4. I can see someone adding a few Kinect sensors, maybe a flat bed scanner head for the floor and closeups. Send it off around the contryside like a Google Street view mapper. Have it come back to charge when it’s batteries get low. With some route planning and a bucket of cheap sensors, if you’re lucky you can pick up anew okay electric wheel chair for £100. Makes for a great autonomous robot.
    Maybe counting ripe apples in an orchard with blob detection or planting seeds neatly on mass.

  5. Worthy work…

    Not sure I like the driven wheel placement on the top pic though, seems like it would inhibit certain maneuvers, like sidling up curbs when necessary. 95% of the time it’s probably fine, but that extra 5% that the wheelchair design has evolved to deal with, might be compromised.

    I would tend to want to do something like use boat trailer rollers driving the wheels in the top rear quadrant. Issues could happen with rain and mud, but they can happen at the tire/road interface also. Should have a raise/lower clamp to remove drag if you want to manually wheel it.

    For a control system on a converted manual wheelchair, what would be cool is power assist mode, where pressure sensitive gloves, or maybe sensor on the wheel handrails (What’s the right name?) detects grip and push and adds motor assist to it, then it would be somewhat intuitive to use for an experienced manual chair user, force amplification.

    1. Thanks!
      The top image is from the previous iteration, in the last one we actually removed the larger wheels and kept just the driving ones. While this compromises the manual driving (like in most electric wheelchairs), it makes the chair able to rotate on the spot, which we deemed much more necessary.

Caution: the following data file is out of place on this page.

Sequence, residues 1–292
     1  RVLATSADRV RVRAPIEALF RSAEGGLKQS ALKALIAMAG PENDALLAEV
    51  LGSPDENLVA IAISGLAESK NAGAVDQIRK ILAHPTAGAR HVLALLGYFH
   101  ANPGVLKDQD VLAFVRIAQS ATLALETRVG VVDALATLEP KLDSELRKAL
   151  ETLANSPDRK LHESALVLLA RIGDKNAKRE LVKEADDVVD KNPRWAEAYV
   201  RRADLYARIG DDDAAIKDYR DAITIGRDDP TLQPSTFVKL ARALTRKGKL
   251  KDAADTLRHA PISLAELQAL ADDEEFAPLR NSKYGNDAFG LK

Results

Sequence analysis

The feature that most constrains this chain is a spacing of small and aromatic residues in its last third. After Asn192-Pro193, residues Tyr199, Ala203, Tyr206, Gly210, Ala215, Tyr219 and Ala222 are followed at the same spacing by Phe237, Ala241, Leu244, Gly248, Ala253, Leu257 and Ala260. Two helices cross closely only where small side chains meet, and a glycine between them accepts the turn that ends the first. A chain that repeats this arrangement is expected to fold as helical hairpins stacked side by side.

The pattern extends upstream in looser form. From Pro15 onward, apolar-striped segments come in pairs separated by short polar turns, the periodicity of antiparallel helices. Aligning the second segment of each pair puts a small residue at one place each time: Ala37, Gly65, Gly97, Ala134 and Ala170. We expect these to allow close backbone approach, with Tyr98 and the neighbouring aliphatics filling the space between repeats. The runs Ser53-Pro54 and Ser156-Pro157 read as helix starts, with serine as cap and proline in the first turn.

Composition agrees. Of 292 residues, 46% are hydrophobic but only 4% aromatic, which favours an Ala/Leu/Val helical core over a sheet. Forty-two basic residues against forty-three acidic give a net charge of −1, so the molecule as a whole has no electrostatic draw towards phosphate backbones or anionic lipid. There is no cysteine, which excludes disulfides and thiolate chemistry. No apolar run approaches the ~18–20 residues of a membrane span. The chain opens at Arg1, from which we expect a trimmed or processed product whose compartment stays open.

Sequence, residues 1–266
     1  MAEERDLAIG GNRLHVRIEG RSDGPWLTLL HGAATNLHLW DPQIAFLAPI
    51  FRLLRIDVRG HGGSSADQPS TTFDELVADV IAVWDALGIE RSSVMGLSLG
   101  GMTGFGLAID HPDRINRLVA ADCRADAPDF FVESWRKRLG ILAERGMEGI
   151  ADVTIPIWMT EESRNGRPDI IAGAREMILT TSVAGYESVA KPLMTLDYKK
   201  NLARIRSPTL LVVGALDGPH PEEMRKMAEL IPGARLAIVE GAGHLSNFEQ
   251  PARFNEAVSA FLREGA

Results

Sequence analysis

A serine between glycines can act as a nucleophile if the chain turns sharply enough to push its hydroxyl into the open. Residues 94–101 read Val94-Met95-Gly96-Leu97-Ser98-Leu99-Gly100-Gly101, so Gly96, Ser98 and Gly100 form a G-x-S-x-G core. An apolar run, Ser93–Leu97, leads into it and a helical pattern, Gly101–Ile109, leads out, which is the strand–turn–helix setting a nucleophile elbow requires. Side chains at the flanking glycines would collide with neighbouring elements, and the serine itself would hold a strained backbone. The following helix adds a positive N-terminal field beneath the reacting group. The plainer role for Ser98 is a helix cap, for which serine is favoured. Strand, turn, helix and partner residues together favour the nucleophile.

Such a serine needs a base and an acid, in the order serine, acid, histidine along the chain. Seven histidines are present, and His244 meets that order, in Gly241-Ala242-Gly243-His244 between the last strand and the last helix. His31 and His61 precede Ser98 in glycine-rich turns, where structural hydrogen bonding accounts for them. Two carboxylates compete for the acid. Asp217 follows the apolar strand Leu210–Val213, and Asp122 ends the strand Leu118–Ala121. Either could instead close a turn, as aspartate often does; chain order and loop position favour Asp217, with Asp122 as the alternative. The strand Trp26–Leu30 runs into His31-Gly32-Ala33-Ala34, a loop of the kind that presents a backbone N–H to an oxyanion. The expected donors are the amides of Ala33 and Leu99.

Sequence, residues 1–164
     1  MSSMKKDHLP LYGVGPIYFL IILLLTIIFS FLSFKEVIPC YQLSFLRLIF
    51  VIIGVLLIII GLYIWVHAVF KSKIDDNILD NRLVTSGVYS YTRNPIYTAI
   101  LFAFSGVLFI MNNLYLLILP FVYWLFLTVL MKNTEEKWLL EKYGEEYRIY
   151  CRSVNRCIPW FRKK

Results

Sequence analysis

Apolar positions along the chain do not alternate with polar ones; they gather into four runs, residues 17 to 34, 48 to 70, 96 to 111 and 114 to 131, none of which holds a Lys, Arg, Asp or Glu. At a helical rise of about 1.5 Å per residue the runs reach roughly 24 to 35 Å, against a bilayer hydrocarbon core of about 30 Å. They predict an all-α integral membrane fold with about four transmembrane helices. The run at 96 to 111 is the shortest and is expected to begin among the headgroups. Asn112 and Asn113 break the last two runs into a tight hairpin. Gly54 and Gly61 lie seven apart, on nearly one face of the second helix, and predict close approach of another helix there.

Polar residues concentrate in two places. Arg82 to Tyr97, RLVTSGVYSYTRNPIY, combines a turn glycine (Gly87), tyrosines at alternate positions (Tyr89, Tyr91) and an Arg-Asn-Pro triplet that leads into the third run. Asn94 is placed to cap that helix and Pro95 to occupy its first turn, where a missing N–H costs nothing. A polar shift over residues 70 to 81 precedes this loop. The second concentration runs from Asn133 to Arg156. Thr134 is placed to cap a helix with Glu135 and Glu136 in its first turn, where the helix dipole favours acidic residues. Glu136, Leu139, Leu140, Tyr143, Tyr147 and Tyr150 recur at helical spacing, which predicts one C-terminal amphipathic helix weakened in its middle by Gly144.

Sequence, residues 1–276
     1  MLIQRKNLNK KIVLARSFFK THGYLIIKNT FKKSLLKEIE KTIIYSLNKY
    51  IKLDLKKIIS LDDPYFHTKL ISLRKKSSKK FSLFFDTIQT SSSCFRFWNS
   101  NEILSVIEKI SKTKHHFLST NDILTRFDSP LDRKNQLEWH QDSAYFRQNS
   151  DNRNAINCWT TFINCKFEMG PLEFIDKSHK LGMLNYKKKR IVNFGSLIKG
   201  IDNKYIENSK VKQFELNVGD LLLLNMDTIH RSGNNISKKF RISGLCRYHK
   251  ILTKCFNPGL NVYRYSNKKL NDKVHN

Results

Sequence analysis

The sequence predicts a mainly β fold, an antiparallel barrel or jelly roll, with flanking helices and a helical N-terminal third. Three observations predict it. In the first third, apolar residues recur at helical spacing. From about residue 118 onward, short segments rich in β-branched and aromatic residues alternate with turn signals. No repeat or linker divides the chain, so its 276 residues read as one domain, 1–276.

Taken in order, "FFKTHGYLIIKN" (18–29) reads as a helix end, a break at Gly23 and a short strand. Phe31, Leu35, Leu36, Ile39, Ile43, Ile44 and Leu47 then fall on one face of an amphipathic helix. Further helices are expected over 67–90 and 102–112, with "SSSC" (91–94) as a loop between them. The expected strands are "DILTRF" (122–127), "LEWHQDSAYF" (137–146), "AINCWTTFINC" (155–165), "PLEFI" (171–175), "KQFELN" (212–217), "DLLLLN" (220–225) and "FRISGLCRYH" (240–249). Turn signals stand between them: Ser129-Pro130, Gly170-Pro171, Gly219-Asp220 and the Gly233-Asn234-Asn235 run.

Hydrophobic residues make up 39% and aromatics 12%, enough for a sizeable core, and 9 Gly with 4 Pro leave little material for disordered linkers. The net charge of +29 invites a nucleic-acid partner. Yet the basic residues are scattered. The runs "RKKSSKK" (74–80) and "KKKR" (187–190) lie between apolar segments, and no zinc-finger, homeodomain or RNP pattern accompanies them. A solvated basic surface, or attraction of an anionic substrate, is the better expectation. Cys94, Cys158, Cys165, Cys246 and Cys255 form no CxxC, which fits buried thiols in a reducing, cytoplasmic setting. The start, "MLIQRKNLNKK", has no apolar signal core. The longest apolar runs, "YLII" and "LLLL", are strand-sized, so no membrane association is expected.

As for the control method, we’re designing a board with both BLE and plenty of GPIO/I2C/SPI/UART pins to enable the user to implement the system/sensor that works best with them :)

  6. i would go with 2 direct drive brushless hub motors(with hall sensors), meant for bicycles ( direct drive so you can use regenerative braking), 2 regen capable brushless motor controllers with reverse functionality, and a couple joystick style controls for forward/reverse on right/left for steering, perhaps with little red buttons on top to engage the regenerative braking. (not sure if this sort of throttle control is readily available, probably have to build it from scratch) (i’ve already well exceeded the 270€ budget, but i’m talking more of a drag-racing model open-wheelchair. if you just want to move, at walking speeds, pick up a defunct cordless drill or 2 and get to hacking.) as for battery, you can go with the conventional lithium, but i’d like to see what ends up making, he makes it seem like anyone can just take everyday garbage and make supercapacitors with higher energy density than the best lithium batteries.

    1. I didn’t think those really got close to even lead acid for energy density yet. Amaaaaaazing for capacitors, but still a bit off batteries. However very good high current buffer for those chemical technologies that are slow to ramp up.